Steve Ballmer, CEO of Microsoft (MS), is feeling his oats these days. Lately he’s been trying to sic the Feds on Google, but the fact is that Ballmer has been calling his adversaries “insane” (and worse) for years now. Ballmer may have his own sanity questioned after MS committed to spending at least $30 million to wrest control of the world’s email from AOL, Yahoo, Google, and everyone else. All MS mail portals—Live, Hotmail, MSN—will close in favor of the single Outlook.com website, and if you have an account at any of the former, you’re being transferred whether you like it or not. (If you don’t do it yourself by summer, you’ll be absorbed in MS’s heavy-handed, Borg-like manner.) And whether he likes it or not, Ballmer himself will be judged on the success or failure of this major maneuver.
Frequent visitors with ID = cash
There are many reasons to use web-based email beyond the obvious convenience: extra security, universal access, more control, better tools. It certainly is “better” for the email provider. As you regularly check your inbox, or stayed logged in, you are established as a “frequent visitor with confirmed ID”—just what the sites need for selling ads (plus it keeps the service free). If you’ll be using CRE’s iPad rental and/or Android tablets at an upcoming conference, you’ll have an Outlook.com or other app tailored to the device you’re using. Unlike “mail” apps, which download messages (or at least transfer them for reading), these apps will directly connect to the webmail server—no muss, no fuss, no wasted space locally if that’s your preference.
Users can keep and continue to use their old addresses, and all saved messages, settings, and contacts will be transferred to the new Outlook.com. You may want to take the lead here if you have important correspondence to save (of course, you have a full backup, right?). Now that email is available on all your devices, from your phone to your iMac, it is likely more central in your life than ever. This is why email has become a big battleground—even as people increasingly use texting, IM, and Twitter, as well—and why Google, Yahoo, and MS are now spending major moolah revamping their web-based email services.
Outlook.com now “ready”
Outlook.com has been operating in a “preview” mode since last July, but is “ready to accept all comers,” and the feisty Ballmer probably loves the boxing lingo in all the PR emanating from Redmond. MS claims it is doing “the biggest marketing blitz in the history of email,” with Outlook.com ads running on primetime TV as well as the Internet, radio, buses, and billboards. MS touts such new Outlook features as the ability to attach files of “massive” size, even a thousand photos, to a single email. Also, as you access Outlook.com from your office MacBook, home PC, and mobile whatever-it-is, your address book stays updated and automatically adds new contact info from connections’ Facebook, LinkedIn, and Twitter posts. And compared to the Hotmail service, there are only about a third as many ads.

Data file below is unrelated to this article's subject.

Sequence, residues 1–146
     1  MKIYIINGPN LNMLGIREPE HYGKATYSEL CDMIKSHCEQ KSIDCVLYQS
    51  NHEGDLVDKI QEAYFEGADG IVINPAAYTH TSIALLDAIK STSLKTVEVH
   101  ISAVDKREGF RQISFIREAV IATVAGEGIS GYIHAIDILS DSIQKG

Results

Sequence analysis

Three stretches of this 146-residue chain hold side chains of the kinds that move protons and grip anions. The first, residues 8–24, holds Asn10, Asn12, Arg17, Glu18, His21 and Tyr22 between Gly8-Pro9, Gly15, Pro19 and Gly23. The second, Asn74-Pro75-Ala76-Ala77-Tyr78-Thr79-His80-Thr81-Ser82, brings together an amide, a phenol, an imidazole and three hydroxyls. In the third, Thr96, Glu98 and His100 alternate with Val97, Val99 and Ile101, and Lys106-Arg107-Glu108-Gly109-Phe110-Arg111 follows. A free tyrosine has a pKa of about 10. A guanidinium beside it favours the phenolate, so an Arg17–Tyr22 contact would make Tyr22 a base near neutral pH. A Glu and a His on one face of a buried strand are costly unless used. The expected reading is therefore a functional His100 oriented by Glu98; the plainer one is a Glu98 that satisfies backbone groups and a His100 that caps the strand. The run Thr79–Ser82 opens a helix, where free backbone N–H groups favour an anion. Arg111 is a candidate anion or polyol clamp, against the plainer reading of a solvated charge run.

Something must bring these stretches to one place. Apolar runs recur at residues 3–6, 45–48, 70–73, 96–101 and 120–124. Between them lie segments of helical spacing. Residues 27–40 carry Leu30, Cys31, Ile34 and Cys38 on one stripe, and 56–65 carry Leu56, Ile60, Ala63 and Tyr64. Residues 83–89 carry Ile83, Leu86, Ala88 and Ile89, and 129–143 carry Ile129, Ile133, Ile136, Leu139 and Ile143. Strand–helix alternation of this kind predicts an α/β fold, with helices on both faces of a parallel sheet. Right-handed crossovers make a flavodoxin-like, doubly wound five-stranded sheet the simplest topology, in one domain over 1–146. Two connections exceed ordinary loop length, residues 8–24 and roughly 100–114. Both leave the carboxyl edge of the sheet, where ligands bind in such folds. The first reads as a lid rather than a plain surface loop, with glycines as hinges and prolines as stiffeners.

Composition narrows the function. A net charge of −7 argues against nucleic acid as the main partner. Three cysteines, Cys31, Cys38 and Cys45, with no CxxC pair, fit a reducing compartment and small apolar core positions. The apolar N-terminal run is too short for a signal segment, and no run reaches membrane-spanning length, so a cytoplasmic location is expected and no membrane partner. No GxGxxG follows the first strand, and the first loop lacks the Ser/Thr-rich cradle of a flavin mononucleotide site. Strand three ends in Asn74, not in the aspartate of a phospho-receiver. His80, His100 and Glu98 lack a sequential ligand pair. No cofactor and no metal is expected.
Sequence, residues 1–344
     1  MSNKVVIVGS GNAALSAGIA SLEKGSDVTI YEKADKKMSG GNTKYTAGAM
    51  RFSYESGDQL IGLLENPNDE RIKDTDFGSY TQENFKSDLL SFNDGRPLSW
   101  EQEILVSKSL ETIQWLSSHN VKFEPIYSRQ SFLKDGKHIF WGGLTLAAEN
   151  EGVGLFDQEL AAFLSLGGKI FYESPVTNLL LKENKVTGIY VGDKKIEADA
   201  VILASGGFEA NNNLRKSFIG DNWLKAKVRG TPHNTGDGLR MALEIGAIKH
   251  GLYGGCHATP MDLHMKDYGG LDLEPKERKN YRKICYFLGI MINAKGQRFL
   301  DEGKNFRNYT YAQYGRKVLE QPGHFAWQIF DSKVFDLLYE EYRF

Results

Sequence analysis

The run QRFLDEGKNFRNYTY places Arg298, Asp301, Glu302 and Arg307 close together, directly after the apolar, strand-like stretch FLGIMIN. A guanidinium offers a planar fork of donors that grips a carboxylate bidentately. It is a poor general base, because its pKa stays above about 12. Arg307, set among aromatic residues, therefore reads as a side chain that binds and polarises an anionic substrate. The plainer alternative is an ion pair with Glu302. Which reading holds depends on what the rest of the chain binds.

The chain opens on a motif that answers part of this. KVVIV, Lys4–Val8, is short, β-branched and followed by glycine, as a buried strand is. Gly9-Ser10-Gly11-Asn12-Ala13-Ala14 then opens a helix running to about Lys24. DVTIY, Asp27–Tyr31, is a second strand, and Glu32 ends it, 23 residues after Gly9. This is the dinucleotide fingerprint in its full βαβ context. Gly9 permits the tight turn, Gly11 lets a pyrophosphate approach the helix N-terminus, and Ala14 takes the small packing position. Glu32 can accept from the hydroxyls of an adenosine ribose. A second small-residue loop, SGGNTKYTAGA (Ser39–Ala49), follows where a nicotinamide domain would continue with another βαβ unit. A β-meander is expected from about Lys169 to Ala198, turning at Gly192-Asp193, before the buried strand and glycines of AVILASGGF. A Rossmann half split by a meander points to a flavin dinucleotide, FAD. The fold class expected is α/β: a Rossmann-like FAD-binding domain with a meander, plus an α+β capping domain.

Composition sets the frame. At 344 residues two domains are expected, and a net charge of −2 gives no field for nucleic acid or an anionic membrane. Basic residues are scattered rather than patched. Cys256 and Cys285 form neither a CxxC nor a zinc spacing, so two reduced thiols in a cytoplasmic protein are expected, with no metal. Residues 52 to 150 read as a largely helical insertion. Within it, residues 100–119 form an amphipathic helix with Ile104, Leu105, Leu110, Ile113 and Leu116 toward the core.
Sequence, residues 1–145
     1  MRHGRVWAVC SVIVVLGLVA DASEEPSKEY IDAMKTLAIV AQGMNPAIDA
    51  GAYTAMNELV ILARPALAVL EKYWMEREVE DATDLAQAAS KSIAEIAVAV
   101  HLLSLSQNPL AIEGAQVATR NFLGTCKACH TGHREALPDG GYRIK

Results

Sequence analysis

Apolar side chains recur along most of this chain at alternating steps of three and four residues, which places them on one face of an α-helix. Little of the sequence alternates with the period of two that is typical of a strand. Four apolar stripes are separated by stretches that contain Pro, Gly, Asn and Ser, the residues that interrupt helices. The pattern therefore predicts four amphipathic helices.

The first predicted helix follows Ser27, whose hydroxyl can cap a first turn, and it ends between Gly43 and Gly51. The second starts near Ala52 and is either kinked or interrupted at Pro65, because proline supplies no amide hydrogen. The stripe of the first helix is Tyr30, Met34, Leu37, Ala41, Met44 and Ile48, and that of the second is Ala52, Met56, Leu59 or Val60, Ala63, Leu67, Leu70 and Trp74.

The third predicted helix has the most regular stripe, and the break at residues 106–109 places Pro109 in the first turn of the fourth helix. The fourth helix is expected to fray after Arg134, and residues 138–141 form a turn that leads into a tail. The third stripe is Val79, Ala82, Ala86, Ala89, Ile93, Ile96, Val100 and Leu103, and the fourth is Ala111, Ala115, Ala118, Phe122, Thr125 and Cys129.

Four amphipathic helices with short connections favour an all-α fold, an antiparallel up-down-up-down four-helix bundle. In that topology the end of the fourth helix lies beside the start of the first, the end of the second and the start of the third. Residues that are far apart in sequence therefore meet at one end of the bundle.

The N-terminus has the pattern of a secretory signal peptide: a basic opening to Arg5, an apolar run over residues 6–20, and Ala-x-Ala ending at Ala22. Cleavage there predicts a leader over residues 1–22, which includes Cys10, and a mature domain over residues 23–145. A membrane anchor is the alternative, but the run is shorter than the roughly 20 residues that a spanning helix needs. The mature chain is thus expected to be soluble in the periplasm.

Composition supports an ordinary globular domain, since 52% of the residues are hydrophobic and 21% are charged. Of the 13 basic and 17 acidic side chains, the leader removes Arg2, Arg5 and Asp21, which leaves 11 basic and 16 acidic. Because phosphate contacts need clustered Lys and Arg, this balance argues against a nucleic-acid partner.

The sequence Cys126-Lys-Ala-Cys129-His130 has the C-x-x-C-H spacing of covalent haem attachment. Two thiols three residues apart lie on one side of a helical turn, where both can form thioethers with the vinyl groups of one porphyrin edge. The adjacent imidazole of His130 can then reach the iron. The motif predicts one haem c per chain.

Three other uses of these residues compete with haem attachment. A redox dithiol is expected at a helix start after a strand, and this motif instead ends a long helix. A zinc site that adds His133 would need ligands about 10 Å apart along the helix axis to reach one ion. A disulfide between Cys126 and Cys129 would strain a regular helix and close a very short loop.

Not a single one of Outlook.com’s new features are particularly revolutionary. They’ve all been done before, and Google already has opt-in services and a new version of Gmail that allow larger (and/or more numerous) file attachments. And although Gmail doesn’t do its data-mining in LinkedIn and the others yet, it does fetch new contact data that your contacts post on Google Plus. MS wants to join Google in offering you all this “total connectivity” from anywhere—your PC desktop computer rental at work, your favorite tablet at home, and your trusty smart phone in the car. The question gets harder to answer all the time. You know the one: When am I supposed to rest when my computer, tablet, and phone are always on and my webmail is always in my face?
For Steve Ballmer, on the other hand, the question is rather more pointed: Will Outlook.com be in enough faces to win the email war?
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